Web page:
City, community leaders planning heritage trail for Jacksonville’s LaVilla neighborhood

LaVilla, a neighborhood in Downtown Jacksonville, is arguably one of the most historic areas in the city.

JACKSONVILLE, Fla. – LaVilla, a neighborhood in Downtown Jacksonville, is arguably one of the most historic areas in the city. More than a century ago, it’s where the Great Fire of 1901 was sparked.

It’s just one of the interesting things about the area, and now, some city and community leaders are considering plans to put in a heritage trail to help memorialize what used to be a very vibrant neighborhood. It was a huge social gathering for African American musicians and a place for families — an area that was one of the central points of Jacksonville in the early 1900s.

When you look at LaVilla today, many of the sites are dilapidated. Neglected. Torn down. Despite that, the memories are still there.

Francis Yvonne Hicks lives in LaVilla and wants to see a return of its glory.

“In my mind, it’s a major project because there is a lot of restoration and filling in those spaces that have been torn down. A lot of really wonderful places have been destroyed,” Hicks said. “So I would like to see the neighborhood revitalized.”

That may not happen anytime soon, but what the group of city and community leaders are working on is creating a series of markers throughout the neighborhood.

The trail might highlight places like Genovar’s Hall, which at one point was going to be restored and now sits abandoned — losing its former glory as a store, hotel and a bar where Black entertainers gathered nightly.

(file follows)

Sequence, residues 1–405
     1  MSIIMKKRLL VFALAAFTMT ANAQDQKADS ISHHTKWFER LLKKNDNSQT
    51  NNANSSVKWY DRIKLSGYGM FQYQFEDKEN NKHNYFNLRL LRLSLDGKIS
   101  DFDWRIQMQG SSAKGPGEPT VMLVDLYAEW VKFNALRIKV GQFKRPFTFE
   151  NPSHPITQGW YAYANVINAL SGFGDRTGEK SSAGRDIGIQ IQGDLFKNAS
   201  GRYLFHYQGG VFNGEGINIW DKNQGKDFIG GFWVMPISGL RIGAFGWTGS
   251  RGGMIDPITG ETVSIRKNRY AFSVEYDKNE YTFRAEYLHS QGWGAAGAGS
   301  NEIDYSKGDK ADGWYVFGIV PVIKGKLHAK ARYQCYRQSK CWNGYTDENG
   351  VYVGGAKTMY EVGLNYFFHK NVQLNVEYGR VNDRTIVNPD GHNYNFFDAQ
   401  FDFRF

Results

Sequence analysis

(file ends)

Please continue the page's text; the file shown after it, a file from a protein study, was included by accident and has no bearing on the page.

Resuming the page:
There are many other sites being discussed, and plans on how to go about telling the history are still being worked out.

“Having somebody that has relatives that were there, remembers it when they went there as a kid as an entirely different flavor. And to really make it come alive, we wanted to have community members providing that input on what it should look like,” said Lori Boyer, CEO of the Downtown Investment Authority.

And while the markers could teach us all about the history, some say much more needs to happen in LaVilla. Marsha Phelts, an author and historian, said the historic markers aren’t enough.

“We need to bring life into the community and bring people into the community and open up businesses and even residents,” Phelts said.

The Downtown Investment Authority and the special committee on LaVilla really want to make sure they get this right. That’s why they’re going to be discussing this for awhile.

The money is apparently there for the markers, but exactly how it’s all going to play out is still up in the air.

About the Author:

Jim Piggott is the reporter to count on when it comes to city government and how it will affect the community.